What To Use To Clean Bikes And Parts
by Alan Buehner
Originally printed in issue #76 of Still....Keeping Track
One of things that one has to deal with when owning a motorcycle is cleaning it. It can be a very simple chore if you are dealing with a street bike, but dirt bikes, especially “barn fresh” vintage bikes can be a frustrating challenge. Old grease and oil mixed with dirt will not dissolve. Certain types of dried up mud, especially certain types of clay, turn to concrete.
So the question comes up, what do I use and do to clean this stuff off of my bike and clean up the engine parts? We generally will experiment with trying whatever chemicals that we have in our garages. Back in the “old days” we would not think twice about using gasoline for cleaning and this was commonly used for cleaning the air filters. Today we know better than to use certain things that are hazardous to the environment and to our health. Breathing fumes and getting that stuff on our skin can pose serious health risks.
Years ago I purchased a case of citrus based cleaner in spray cans made by Stoner. It works good on removing grease and oil but requires a lot of scrubbing and brushing.
So what should we use and not use? What works and doesn't work? This came up on the POG message board and this is what the “experts” recommend.
m thinking about refilling my parts washer which has not been used much at all since I bought it many years ago, mainly because Im not very happy with the weak non aggressive type of Parts cleaning fluids sold by most auto parts stores. I`m wondering if a 50/50 Pine-Sol water solution would be a good choice, since it works so well soaking and cleaning carbs. What does everyone recommend, or use in their parts washer/cleaners? Thanks for any and all input.
Mike, a long time ago, someone mentioned using diesel fuel as a parts cleaner, might work with the elec. pump as is low flash. Just a thought.
I use the cleaning solution that Tractor Supply sells.
There seems to be some pretty good reviews on the Tractor Supply product for $39.95/5 gal, and that's not too far away for me to pick up some in the next couple of days. Thanks.
I have always used Agitene that Granger sells, it is pricy, but the best I have found. I soak Sachs engines in kerosine for a couple months before pulling them apart to loosen up all the old oil and crud inside. This makes disassembly and cleaning the inside a whole lot easier. I also wear gloves to protect my hands.
I have Crystal Clean come out and service my washer, about $150 each time once a year. They also add my choice of nice smelling deodorant to the cleaner to make the shop smell nice. No mess, no fuss, all professional.
I use no flammable solvent (or very high flash point) to clean anything all stripper used is also green and correct PPE is used at all times when working with solvents.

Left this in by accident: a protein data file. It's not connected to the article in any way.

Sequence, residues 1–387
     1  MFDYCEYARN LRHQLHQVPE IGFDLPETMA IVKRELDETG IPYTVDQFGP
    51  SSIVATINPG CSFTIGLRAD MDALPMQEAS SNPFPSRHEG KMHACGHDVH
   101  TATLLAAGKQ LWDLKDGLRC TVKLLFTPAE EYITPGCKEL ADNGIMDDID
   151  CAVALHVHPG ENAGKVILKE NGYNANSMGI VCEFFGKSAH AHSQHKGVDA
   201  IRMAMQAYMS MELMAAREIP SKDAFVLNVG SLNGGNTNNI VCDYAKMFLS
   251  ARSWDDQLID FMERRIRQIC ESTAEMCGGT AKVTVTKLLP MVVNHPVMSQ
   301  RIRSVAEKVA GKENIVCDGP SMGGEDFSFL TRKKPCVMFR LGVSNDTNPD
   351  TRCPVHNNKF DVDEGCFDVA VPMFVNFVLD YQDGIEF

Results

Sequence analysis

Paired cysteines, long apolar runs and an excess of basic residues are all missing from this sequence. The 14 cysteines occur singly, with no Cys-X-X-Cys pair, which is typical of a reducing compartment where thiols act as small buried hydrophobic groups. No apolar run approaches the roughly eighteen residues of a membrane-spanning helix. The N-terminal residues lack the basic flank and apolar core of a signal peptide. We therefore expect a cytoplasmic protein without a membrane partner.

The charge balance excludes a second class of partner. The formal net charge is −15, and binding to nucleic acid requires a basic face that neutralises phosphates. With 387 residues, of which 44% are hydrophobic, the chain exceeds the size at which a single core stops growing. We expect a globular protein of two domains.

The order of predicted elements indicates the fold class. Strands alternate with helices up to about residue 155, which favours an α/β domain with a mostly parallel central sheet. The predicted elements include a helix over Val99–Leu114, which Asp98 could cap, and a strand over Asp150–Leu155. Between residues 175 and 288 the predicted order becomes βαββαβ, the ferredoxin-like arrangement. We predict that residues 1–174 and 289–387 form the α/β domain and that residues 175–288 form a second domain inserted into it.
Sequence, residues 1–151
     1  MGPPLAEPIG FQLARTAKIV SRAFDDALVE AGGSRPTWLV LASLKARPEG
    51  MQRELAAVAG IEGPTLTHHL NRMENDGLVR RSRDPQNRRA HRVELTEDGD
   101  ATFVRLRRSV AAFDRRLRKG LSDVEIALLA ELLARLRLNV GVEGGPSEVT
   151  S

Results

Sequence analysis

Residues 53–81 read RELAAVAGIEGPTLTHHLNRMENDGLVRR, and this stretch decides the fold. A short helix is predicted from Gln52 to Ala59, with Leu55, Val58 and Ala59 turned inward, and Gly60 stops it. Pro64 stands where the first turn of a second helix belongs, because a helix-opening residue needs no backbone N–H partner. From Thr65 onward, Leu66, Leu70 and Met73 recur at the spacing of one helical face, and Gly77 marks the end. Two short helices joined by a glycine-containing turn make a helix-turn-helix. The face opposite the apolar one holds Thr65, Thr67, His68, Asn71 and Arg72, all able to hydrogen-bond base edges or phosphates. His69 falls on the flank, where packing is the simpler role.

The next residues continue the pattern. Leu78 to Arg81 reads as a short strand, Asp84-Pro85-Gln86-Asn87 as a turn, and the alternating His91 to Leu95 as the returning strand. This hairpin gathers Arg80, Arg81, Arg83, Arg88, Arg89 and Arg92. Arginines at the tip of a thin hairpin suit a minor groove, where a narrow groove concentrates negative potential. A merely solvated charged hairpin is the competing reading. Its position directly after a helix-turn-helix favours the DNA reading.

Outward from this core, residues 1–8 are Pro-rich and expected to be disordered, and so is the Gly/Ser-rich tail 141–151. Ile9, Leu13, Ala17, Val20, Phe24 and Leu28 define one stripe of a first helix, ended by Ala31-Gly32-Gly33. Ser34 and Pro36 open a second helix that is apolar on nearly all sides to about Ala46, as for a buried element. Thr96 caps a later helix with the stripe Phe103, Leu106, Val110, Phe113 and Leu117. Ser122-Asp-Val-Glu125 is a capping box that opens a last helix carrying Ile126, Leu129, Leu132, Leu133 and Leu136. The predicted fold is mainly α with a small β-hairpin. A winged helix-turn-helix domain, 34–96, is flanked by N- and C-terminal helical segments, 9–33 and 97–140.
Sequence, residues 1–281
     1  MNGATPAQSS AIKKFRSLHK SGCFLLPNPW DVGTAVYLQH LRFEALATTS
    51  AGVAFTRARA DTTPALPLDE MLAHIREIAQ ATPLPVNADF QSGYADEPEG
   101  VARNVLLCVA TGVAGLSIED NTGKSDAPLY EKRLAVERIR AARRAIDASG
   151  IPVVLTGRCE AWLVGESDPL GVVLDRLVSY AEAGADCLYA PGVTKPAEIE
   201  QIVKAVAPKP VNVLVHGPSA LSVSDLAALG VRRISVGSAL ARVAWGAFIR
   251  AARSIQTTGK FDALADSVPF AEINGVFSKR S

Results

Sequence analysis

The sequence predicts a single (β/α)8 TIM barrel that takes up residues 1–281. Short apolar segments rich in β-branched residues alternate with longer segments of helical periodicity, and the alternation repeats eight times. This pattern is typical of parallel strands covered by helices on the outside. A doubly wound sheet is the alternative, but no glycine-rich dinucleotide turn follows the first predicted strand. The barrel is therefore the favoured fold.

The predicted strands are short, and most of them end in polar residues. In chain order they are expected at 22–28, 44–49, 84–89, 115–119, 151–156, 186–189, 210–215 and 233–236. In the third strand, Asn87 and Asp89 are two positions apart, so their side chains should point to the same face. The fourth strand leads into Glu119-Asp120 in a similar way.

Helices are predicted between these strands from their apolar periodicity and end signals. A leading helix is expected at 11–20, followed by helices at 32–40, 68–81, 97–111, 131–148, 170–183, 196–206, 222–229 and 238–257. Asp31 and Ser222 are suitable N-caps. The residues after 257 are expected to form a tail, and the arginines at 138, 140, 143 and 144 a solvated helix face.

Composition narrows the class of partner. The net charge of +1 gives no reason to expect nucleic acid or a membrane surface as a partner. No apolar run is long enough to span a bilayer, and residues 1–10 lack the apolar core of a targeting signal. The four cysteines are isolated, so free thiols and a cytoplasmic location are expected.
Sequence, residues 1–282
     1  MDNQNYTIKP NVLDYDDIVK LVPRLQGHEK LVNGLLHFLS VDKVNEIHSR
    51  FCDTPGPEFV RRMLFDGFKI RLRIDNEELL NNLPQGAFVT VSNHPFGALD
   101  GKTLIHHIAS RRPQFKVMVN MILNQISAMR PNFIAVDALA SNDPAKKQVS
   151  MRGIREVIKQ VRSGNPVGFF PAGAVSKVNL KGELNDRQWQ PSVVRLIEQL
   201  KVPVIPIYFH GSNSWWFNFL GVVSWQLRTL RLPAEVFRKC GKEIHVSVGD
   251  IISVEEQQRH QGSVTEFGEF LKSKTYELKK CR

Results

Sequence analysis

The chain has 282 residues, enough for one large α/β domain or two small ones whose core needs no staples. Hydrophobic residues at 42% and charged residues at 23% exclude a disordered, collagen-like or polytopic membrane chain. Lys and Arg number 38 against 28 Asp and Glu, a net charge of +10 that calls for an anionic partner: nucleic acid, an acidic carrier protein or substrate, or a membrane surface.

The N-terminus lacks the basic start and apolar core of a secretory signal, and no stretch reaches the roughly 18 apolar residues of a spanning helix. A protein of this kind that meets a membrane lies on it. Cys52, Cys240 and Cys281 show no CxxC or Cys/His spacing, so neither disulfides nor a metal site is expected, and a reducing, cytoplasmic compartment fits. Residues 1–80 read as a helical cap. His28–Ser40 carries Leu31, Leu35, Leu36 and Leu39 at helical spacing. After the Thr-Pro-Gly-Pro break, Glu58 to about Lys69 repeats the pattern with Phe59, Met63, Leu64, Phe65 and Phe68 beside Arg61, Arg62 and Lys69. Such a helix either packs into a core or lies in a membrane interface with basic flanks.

I take the old solvent and filter it as best as I can then throw it in a horse trough to soak frames, wheels etc. to degrease the major gunk from them prior to cleaning and blasting.
For the bikes, I use cold water and S-100 spray. This has always worked for me.
Only glass bead is used in my cabinet to blast items. It is filtered with HEPA class filtering to keep it green and safe.
Keep this safe and practice safe work practices and all will be well.
Tried diesel fuel and an ultrasonic machine but did not care for the results: too messy/stinky and the diesel oil film remains long after the part is cleaned.
Have had good luck with the Purple Power stuff on nuts/bolts, but it will oxidize the aluminum parts.
I too have seen the results of Purple Power on aluminum bike parts, makes a new bike looks 10 years older than it really is, great on greasy engines but really caustic on shiney aluminum. At all the shops I ran, we used Safety Clean on a bi-monthly basis, just my $0.02
I use Pine Sol for carburetor cleaning.
I experiment all the time with degreasers and have not found anything that I really like so far.
For stripping paint I use Cistristrip (available at Lowes). It is a gel that I apply to engine cases, cylinder fins (black cylinders), fiberglass tanks (use caution, do not leave it on over night or it will bubble the fiberglass). I use a pressure washer to blast it off.
The best cleaner and degreaser that I have found so far is ZEP Industrial Purple Cleaner and Degreaser Concentrate. You can use it diluted or full concentrate, depending upon what build up you need to remove. I spray it on and use a tooth brush to work it in.
One of the things that I have used that does not work is Simple Green.
For getting rust off of metal items, such as crank shafts and any rusty steel, I use Metal Rescue (available at Home Depot). This stuff is bio-degradable and can be flushed down the drain when it has lost it's consistency. You just soak the rusty part in the solution for a couple of hours or more (depending upon how much rust is involved) and rinse the part off with water. It is also important to remove any grease or oil from any rusty parts before using Metal Rescue.
I also try and scrape off as much of the gobs of gunk and dirt before using any cleaners.
- “Chicago Jerry” Grakauskas